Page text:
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Mapping bamboo forest resources in East Africa

News
19Jul

Lack of information about bamboo resources – their distribution, varieties and characteristics – has long prevented many countries from making more use of this strategic plant.

The Global Land Cover Mapping project aims to address these knowledge gaps. Land cover mapping uses the latest remote sensing technology to build a comprehensive, worldwide inventory of bamboo resources. It is led by INBAR, in partnership with researchers from the Center for Earth System Science at Tsinghua University, and forms an important starting point for the Global Assessment of Bamboo and Rattan (GABAR): an initiative established in 2016 to create a robust evidence base to support decision making about bamboo and rattan.

Unlike traditional assessments of bamboo stocks, which are often based on assumptions about local growing conditions or out-of-date information, the Land Cover Mapping project uses GIS technology to pinpoint exactly where bamboo is growing. Results are then uploaded to an online portal, where they can be easily accessed, shared and added to by local researchers and practitioners on an ongoing basis. The result is a platform which provides comprehensive, reliable information about bamboo stocks.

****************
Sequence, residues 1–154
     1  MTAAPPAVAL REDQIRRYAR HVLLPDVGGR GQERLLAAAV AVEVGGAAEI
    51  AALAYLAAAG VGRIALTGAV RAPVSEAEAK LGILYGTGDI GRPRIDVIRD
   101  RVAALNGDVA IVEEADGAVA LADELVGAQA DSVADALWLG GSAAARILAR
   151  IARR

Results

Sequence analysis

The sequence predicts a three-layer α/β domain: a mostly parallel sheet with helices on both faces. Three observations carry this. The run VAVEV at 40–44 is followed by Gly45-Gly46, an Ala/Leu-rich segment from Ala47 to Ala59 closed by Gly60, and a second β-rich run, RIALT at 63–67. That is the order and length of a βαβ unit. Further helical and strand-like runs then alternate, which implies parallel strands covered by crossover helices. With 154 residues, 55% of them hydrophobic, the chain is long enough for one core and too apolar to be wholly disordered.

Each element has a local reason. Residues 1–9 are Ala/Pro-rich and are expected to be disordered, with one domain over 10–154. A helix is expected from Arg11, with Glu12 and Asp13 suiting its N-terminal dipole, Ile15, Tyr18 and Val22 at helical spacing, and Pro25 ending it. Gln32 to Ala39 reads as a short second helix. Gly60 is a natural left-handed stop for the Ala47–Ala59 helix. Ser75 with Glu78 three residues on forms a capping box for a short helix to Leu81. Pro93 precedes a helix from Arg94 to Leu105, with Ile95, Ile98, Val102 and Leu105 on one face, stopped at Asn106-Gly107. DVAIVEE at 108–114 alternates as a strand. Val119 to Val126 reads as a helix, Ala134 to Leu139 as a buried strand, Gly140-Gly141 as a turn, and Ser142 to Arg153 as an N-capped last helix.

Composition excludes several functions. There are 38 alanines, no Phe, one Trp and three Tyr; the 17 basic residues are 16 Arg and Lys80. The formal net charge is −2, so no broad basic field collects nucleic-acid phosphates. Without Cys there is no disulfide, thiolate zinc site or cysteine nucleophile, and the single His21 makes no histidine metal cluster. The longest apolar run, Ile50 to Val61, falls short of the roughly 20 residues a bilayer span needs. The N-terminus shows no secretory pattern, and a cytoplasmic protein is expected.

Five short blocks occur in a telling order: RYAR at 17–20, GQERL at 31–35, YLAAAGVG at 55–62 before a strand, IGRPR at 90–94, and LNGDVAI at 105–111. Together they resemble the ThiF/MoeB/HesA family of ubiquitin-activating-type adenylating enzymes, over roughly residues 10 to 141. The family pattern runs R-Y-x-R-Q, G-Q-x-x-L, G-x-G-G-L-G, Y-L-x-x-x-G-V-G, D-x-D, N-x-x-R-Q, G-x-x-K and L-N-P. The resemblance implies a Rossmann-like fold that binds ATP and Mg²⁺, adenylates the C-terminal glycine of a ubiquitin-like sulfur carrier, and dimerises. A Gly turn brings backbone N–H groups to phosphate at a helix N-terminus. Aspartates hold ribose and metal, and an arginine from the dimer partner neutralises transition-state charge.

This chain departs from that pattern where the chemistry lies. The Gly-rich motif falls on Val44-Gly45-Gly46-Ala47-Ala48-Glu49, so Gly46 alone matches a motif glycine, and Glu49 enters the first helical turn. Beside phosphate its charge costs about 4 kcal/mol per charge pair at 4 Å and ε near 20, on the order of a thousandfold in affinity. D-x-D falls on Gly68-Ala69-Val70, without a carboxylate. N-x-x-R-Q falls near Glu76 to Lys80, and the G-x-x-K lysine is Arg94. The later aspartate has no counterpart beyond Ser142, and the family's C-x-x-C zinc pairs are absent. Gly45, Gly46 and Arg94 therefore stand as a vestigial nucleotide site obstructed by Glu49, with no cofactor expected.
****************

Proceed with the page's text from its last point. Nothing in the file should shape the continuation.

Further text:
Currently, the project is creating national assessments for Ethiopia, Kenya and Uganda, in partnership with the Dutch-Sino project on East Africa. At present, East Africa’s bamboo sector remains largely untapped, despite the region having sub-Saharan Africa’s largest natural bamboo forests and accounting for around 3-4% of the world’s total known bamboo coverage. A better understanding of bamboo stocks is very much needed if these INBAR member states are to transform their bamboo sectors.

As of early 2017, INBAR and Tsinghua University are working to map data in Ethiopia, Kenya and Uganda. in partnership with the INBAR-led Dutch-Sino project on East African bamboo development.  They are also training staff and practitioners from national forestry services, environment ministries and research institutes in how to use the Mapping portal to collect, share and analyse data effectively to inform decision making.

The data and experiences gathered through land cover mapping in East Africa form an important first step in GABAR’s aim for accurate, global mapping of bamboo resources.

Pictured: INBAR staff alongside some of the participants in land mapping training, East Africa.